After the disappointment of failing to qualify for the Tokyo Olympics, two-time SEA Games gold medallist Teong Tzen Wei has turned setback into success, becoming the first Singaporean to go under 50 seconds in the men's 100m butterfly (short course) yesterday.
He clocked 49.88sec in the final of the 9th Singapore National Swimming Championships (short course metres), bettering his own national record which he had set in the morning heats. Then, he had broken Quah Zheng Wen's 50.84sec mark when he finished the heats in 50.35.
His swim, which came on the second day of the event at the OCBC Aquatic Centre, also meant that he made the 'A' cut, qualifying automatically for next month's Fina Swimming World Championships (25m). That meet will take place in Abu Dhabi from Dec 16 to 21.
It will be the 24-year-old's first outing at the World Championships in the 100m fly and the 50m fly, for which he qualified on Thursday. Then, he had eclipsed Joseph Schooling's 22.40sec mark, clocking 22.24 in the final.
On his record-breaking two days, Teong said: "As much as you want to forget about the past and be present in the moment, the truth is that we are defined by our past experiences.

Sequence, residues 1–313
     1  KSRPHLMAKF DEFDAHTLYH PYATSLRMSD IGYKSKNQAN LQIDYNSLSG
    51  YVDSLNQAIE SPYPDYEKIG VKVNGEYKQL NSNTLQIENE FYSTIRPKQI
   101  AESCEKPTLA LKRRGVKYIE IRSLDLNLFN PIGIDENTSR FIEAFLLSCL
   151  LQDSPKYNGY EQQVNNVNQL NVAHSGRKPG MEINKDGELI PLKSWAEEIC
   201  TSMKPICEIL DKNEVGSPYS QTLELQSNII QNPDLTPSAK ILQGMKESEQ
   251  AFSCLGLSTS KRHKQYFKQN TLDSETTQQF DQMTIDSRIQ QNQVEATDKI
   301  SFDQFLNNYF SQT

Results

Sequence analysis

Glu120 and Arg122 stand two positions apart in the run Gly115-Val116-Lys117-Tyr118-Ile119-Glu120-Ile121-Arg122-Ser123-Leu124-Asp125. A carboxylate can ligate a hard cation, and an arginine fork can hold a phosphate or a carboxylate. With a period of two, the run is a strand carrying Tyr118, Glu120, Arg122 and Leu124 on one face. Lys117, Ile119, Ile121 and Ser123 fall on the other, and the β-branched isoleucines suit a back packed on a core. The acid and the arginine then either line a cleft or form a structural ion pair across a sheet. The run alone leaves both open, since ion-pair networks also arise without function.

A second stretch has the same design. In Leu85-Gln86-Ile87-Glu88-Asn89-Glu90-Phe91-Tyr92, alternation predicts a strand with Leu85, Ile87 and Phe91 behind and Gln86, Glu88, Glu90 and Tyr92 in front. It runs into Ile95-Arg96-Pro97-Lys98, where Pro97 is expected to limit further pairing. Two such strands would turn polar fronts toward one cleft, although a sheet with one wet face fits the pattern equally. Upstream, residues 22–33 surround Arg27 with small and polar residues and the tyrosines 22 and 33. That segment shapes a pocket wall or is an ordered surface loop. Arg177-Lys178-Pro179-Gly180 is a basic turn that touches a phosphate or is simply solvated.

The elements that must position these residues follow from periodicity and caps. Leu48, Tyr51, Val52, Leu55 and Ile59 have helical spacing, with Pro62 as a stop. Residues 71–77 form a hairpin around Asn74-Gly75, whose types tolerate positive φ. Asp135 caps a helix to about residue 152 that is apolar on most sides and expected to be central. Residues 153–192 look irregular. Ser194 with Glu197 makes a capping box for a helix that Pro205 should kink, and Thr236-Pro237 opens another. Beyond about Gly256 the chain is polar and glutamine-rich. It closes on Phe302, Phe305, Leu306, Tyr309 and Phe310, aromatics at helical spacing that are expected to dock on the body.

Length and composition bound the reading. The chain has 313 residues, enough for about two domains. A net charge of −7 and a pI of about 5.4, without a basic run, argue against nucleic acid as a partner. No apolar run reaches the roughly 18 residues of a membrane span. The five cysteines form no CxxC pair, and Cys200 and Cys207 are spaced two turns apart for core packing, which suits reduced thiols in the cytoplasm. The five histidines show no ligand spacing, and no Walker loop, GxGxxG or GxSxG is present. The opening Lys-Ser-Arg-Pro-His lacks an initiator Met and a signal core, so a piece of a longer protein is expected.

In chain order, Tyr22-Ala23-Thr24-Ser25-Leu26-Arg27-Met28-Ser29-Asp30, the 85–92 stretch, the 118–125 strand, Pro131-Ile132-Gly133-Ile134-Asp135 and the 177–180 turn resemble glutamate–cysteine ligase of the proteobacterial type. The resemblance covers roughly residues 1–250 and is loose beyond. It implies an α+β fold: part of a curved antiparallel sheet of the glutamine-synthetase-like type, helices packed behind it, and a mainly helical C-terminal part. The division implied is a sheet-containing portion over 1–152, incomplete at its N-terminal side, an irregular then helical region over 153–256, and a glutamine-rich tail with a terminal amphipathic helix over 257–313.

"I have learnt a lot from my past failures leading up to today - like not qualifying for the Olympics - and even the disappointment of hearing the news that the Olympics was going to be pushed back by a year after training for it. A lot of things didn't go to plan before this."
He also shared that his latest achievement came as a result of wanting to improve after every swim despite how well it went.
Said Teong, who has been training with the National Training Centre coaching set-up of Gary Tan, Sonya Porter, Hungarian Alex Mordvincev, Brazilian Gustavo Schirru and Lionel Khoo, since August: "We reviewed the tapes from the heats and identified what I could have done better, to go faster.
"I trusted my coaches' advice and followed what they said, and it all worked out. The coaches observed that in the last 25 seconds, my underwater speed was faster than my swimming speed. So I was told to stay underwater longer and I followed that advice."
Quah Jing Wen (women's 200m freestyle), Maximillian Ang (men's 100m breaststroke) and Glen Lim (men's 200m free) also sent national records tumbling. The trio also made the World Championships after meeting the 'B' cut times.
Quah's time of 1min 58.52sec in the heats erased her older sister Ting Wen's record of 1:58.80.
In the 200m free final, Lim finished in 1:45.69 and broke Zheng Wen's record of 1:46.08. And in the 100m breast final, Ang's 58.72sec meant that he bettered Khoo's 59.65 record.
Said Ang, 20, a sports and leisure management student in a diploma programme jointly conducted by Singapore Sports School and Republic Polytechnic: "All the hard work has paid off and now I am just really excited because of the qualification for the World Championships.
"I have always wanted to race with the best and see where I rank among them. It is motivation for me to continue to do better."